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Nobody is Perfect

All the events in the news last year has revived thinking on punishment, justice and forgiveness. Especially those who have produced major works for humankind.

There are a lot of factors and there is a lot of injustice. It can be easy to say that there is so much injustice we should just punish all these abusers and criminals with no possibility of forgiveness or reentry into society.

But is that appropriate? Is every bad person a monster that should be locked away, deprived of a way to make a living and opportunity for social connection?

In other words: is there a different response that would benefit the victim more than the current method?

There will probably be no surprise that what we need is more education, more compassion and more forgiveness. I don't mean to suggest that we let folks off the hook. Educating someone is hard work, and being educated is even harder. But it's a fact that healthy and productive individuals that care for their neighbors and engage in prudent decision making are a benefit of society. And criminals, sick and poorly behaved people are a drag. A drag on us, on the economy, on our peace of mind. Why wouldn't we turn these individuals into productive healthy people. Turn a liability into an asset.

And whether or not we punish or nurture, the response should match the situation. At the moment it terrifying to see people torn from everything they have, all their work disgraced and for all intensive purposes banned, and left with nothing. Not able to show their faces in public anymore.

How to size the punishment to the crime is not an easy task but right now it's a hard slam. Interaction between men and women right now can be a bit tenuous because there is so much to lose. Even the slightest provocation or false accusation can permanently destroy someone's reputation and career.

Does it matter if the aggressor knew what he was doing was inappropriate? My inclination is to say no. The law is the law, respect and justice hold no quarter to ignorance. But if I ask the opposite question: should folks who knew what they were doing was wrong receive a harsher punishment? Undoubtedly my gut says yes. That seems to imply that a punishment should accomplish two things: a) to deter crime in the first place and b) moral and emotional compensation to the victims.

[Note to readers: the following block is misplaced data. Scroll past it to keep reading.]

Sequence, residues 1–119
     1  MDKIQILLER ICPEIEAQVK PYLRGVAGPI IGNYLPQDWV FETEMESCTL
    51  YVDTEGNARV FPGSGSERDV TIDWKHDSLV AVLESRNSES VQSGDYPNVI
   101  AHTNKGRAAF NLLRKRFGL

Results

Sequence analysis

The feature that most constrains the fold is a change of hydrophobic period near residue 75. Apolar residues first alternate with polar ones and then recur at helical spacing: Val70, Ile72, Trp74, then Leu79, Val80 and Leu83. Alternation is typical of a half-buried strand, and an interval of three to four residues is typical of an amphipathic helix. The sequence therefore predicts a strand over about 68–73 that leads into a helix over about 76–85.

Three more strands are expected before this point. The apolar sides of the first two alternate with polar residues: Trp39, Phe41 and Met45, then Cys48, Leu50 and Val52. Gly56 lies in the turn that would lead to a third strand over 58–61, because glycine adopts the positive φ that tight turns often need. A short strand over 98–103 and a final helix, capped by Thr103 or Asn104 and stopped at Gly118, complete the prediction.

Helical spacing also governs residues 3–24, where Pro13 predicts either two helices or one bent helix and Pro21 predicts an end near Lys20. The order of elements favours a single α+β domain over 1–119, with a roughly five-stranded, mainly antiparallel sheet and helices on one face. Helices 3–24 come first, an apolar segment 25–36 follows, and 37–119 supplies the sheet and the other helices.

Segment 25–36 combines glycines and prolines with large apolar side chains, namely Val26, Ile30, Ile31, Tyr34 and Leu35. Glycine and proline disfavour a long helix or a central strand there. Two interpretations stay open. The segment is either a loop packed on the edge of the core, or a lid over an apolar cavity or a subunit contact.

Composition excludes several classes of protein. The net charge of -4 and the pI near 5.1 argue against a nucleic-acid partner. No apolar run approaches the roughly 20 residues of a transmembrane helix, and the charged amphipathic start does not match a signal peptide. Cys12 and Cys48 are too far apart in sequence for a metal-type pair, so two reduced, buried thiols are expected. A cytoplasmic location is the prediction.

I also do not think that there is an "expiration timer" on crime.

And what of the rest of us? The bystanders, the 3rd party that were neither aggressor nor victim. Can we still reap the benefits of their life's work? If we can then when?

Some say never. Their work should be buried. That is bullshit. Every one of us has benefited, continue to, and will until they are dead the benefit of works created by people who were unquestionable flawed, bad, mistake prone or straight up evil.

We have to separate the wheat from the chaff. Find value in all that is good, shun the idle or evil.

That's easy for the dead. What can be said of the living? Could I continue to develop a revolutionary cancer medication from a currently incarcerated rapist? Or can we laugh and enjoy the entertainment of someone in Hollywood that has abused and hurt women?

I think we can but the two have to be clearly separated. The aggressor cannot be involved or near the work. He/she must be completely divested from it. He/she must not continue to profit from it. I'll avoid the gnarly details of a "life's work probate" discussion here but once we've separated the two I think society can, with clear conscious continue forward with the work whether it be technology, entertainment, whatever.

Interestingly this does not require forgiveness on our part. This will probably be appealing to Americans who have little interest in forgiveness. I'm not sure society ought to be responsible for forgiveness of folks we weren't victimized by. Although in the case of public figures acts of injustice make us all victims to some degree, at the very least humiliation.

And what of the men and women who have hurt someone and shamed society? Are they obligated to improve their behavior?
I don't think so. But if they don't then it would be necessary to protect society from their ill behavior. And if public figures want to re-enter a public arena then they must demonstrate conclusively to society that they are rehabilitated. This would almost certainly require some transparency into their transformation. But a transformed person should be allowed to enter society. Should be allowed to create new benefit for society and be fulfilled and reap the benefits of society.

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